Gustav Holst – St. Paul Suite
September 1874 – May 1934
Holst, an English composer, arranger and teacher, is best known for his orchestral suite The Planets. Despite being one of Britain’s most influential and important composers, most concert-goers and casual listeners only know of him because of this all-too-familiar work. He composed a large number of other works across a range of genres, although none achieved comparable success. His distinctive compositional style was the product of many influences, Richard Wagner and Richard Strauss being most crucial early in his development.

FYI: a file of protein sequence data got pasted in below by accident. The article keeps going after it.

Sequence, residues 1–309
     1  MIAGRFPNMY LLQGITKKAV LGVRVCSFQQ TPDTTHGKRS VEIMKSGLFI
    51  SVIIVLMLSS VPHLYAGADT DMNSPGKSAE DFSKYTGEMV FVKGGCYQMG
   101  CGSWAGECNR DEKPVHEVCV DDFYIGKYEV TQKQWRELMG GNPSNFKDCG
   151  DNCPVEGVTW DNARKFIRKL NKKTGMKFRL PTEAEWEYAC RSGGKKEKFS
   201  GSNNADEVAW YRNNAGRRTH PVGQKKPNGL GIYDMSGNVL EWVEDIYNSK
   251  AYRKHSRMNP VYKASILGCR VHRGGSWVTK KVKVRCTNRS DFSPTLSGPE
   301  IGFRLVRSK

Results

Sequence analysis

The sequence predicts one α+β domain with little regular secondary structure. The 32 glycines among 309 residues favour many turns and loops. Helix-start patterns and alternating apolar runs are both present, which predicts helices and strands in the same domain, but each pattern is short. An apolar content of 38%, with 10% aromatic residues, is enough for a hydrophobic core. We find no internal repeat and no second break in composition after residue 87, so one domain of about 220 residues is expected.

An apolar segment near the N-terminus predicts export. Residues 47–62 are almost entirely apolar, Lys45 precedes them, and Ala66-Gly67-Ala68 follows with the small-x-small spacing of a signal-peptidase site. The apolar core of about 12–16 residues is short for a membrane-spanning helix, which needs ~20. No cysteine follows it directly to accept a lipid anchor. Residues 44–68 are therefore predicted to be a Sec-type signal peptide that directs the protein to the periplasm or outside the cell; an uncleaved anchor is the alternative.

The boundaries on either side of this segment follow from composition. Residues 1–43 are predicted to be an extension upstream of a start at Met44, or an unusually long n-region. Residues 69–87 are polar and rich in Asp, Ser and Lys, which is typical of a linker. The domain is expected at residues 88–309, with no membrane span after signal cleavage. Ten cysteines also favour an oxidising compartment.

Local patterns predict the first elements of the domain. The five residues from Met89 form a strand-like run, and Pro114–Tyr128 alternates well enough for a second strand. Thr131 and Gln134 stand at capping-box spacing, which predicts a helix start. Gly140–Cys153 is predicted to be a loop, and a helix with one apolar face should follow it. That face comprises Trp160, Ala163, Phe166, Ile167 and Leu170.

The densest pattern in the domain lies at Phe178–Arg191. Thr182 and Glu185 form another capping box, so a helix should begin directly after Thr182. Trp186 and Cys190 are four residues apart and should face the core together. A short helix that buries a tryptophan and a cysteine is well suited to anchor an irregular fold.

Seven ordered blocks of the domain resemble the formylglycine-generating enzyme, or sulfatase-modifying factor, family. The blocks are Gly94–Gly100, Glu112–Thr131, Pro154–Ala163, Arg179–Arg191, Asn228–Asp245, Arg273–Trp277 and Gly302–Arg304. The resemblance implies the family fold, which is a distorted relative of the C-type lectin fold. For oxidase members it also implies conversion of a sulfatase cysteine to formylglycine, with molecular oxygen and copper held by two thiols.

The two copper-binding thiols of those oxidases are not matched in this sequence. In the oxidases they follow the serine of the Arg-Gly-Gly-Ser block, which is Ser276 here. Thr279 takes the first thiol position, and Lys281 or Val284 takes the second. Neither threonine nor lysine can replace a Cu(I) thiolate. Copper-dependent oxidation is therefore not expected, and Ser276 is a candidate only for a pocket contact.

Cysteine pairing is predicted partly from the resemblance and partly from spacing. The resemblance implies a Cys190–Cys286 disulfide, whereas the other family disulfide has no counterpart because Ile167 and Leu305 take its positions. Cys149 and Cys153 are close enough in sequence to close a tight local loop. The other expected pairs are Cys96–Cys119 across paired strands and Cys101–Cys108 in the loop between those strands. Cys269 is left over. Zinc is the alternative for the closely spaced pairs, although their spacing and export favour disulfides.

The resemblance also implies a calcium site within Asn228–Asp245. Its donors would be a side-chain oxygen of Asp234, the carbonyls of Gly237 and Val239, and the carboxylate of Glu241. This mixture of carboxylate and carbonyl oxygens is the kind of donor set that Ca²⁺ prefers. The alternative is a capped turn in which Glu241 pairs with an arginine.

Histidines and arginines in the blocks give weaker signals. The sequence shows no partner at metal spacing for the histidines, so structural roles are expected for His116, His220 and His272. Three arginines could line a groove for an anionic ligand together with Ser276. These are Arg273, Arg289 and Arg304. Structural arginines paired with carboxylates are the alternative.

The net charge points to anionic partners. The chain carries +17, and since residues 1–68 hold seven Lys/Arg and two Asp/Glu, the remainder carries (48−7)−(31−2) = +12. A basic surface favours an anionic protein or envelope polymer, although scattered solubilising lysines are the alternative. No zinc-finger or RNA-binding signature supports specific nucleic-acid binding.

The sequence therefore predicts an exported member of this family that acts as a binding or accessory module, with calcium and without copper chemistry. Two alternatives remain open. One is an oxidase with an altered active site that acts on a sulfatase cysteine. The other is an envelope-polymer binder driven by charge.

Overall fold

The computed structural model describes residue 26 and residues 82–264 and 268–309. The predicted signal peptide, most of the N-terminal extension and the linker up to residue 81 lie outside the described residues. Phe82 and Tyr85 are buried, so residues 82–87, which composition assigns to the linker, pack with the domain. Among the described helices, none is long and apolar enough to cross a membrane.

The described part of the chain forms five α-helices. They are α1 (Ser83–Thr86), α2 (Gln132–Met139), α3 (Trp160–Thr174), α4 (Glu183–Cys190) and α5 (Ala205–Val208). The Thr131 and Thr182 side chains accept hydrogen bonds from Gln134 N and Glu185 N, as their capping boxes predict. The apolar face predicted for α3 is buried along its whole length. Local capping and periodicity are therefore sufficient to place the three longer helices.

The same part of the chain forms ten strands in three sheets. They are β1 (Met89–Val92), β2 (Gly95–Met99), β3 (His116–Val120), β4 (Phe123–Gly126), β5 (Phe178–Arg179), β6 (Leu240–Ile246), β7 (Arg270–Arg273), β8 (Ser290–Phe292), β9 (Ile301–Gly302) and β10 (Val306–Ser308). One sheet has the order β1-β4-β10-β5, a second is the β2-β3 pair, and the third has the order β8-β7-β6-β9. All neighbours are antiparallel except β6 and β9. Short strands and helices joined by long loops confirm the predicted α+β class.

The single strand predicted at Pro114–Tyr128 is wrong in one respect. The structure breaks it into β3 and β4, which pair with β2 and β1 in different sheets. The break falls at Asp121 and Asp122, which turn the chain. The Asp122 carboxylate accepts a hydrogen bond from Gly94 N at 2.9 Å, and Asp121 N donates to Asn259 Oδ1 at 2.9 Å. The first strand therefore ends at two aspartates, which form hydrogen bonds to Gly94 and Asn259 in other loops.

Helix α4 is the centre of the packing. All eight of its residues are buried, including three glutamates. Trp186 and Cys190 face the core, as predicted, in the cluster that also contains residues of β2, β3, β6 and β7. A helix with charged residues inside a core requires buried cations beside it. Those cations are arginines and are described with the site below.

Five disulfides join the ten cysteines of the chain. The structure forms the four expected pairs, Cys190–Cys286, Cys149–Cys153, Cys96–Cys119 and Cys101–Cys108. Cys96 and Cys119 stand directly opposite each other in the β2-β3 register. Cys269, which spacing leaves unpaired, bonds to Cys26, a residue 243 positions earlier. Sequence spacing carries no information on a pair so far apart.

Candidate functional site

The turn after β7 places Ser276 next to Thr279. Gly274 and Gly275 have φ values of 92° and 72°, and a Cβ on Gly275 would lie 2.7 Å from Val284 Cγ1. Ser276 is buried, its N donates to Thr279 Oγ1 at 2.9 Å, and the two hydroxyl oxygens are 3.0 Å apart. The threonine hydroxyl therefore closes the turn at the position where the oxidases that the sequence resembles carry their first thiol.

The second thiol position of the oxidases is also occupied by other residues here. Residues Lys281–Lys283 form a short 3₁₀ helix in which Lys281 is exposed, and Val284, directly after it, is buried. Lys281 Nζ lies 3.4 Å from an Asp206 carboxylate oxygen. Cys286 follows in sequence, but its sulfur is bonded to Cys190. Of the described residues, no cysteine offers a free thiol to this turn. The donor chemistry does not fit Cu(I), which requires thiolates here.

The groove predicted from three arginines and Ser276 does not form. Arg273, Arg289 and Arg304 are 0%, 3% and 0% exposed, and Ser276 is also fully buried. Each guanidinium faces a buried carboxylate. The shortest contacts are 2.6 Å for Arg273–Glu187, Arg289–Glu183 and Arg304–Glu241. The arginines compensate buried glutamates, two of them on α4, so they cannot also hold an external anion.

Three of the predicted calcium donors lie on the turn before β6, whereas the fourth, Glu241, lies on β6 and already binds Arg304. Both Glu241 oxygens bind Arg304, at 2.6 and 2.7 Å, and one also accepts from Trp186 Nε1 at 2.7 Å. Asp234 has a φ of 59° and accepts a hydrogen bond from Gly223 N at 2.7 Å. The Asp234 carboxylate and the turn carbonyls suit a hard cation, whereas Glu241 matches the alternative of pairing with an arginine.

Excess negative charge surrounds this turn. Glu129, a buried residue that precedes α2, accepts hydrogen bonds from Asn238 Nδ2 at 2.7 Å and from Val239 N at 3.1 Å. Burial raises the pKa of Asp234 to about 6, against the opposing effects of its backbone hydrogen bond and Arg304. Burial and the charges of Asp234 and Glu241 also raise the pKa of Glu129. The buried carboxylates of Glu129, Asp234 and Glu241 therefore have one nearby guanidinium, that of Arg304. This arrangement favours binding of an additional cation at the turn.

The St. Paul Suite was written in 1912, but owing to revisions was not published until 1922. It is named after the St Paul’s Girls’ School in the UK where Holst was Director of Music from 1905 to 1934. It was written in gratitude to the school after they built a soundproof studio for him. This suite is the most famous of the many pieces he wrote for students at St. Paul’s. The St. Paul’s Suite evokes England as much as any work ever did with its folk melodies and a finale that interweaves The Dargason with Greensleeves. They are tuneful, folk-flavored, and highly imaginative, not aiming far beyond entertainment but achieving that goal admirably.
Fun Fact: Holst’s primary instrument, the trombone, was suggested by his father thinking that playing a brass instrument might improve his asthma.